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APS activates giant batteries at Arizona solar facilities to release power after sunset


A network of solar generating stations has been sending electricity to Arizona Public Service Co. and its customers for the past decade. Now, the company is storing more of that power during the day for release at peak-demand evening hours when the sun is no longer shining.

APS said it recently activated giant batteries at nine solar-panel locations for night use through the heat wave this summer. Most of the nine locations are located west of Phoenix, taking advantage of prime solar availability in southwestern Arizona, said Ben Cluff, APS’ director of renewable resources.

The program, dubbed “Solar after Sunset,” helps to balance the electrical system and improve its resilience and reliability. APS said it has incorporated an array of safety recommendations after a fire and explosion at a battery facility in Surprise in 2019 that seriously injured four first responders.

Releasing solar power at night

The new systems absorb solar energy during the day and discharge it during high-demand periods later. The systems contributed power during the recent record stretch of high temperatures and record-shattering demand placed on APS, Salt River Project and other electric utilities.

“We just came through the worst heat wave in Phoenix history, delivering reliable electricity, and now we are serving our customers with this exciting new technology,” Cluff said.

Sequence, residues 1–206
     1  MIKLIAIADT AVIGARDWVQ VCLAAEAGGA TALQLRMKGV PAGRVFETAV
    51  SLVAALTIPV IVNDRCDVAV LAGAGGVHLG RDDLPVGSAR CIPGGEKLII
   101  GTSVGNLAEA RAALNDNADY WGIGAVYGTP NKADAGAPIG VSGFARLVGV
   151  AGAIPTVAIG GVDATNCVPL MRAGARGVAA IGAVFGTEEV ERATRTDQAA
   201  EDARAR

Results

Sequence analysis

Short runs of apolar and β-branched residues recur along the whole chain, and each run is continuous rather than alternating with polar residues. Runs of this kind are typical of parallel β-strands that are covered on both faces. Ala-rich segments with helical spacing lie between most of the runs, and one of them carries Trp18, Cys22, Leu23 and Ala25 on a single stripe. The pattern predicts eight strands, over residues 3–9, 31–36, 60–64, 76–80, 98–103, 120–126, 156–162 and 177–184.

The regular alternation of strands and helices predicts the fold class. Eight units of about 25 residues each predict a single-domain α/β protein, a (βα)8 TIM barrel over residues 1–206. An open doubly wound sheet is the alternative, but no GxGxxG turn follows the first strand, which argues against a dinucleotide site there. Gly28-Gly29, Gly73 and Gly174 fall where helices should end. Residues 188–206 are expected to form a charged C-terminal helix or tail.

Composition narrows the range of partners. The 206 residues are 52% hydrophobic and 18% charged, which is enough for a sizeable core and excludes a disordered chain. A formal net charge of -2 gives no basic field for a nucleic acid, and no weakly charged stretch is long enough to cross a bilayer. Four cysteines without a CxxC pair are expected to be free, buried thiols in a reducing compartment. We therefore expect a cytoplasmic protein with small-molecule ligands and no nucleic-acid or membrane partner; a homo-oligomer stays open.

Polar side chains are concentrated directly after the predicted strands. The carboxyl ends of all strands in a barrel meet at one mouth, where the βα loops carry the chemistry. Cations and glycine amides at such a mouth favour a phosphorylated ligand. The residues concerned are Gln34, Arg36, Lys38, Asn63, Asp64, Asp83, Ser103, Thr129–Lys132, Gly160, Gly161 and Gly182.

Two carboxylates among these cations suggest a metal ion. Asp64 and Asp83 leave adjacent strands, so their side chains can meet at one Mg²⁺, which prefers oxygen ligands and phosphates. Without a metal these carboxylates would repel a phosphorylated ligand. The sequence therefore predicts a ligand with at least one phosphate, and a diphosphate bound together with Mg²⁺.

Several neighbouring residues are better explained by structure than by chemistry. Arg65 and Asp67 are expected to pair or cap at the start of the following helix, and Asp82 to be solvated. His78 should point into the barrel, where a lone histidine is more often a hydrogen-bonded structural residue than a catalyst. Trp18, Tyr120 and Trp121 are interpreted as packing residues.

The nine locations can provide 200 megawatts of power, enough to serve 32,000 Arizona homes for three to four hours. The company also plans to purchase power from 13 other energy storage systems located in Arizona over the next couple of years.

That additional solar generation and battery release will bring another 2,246 megawatts to the grid, supplying another 359,360 homes. APS estimates one megawatt can power, on average, about 160 homes.

Explosion leads to safety changes

APS said its energy-storage facilities are being built and operated with safety as a top concern. The company delayed these projects after the fire and explosion in Surprise.

The company implemented an array of safety measures after a two-year investigation. The new policies include much closer communication with and training of first responders, including more than a dozen fire departments around the state monitoring the new systems.

Of the seven systems west of Phoenix, one is near Buckeye, three are located in or near Gila Bend, two are in Hyder and one is in Yuma.

APS also has a battery storage facility north of Prescott and one in Red Rock, north of Tucson. Of these, the Red Rock facility has the highest generating capacity, followed by the location in Yuma and one in Gila Bend.

Reach the writer at [email protected].


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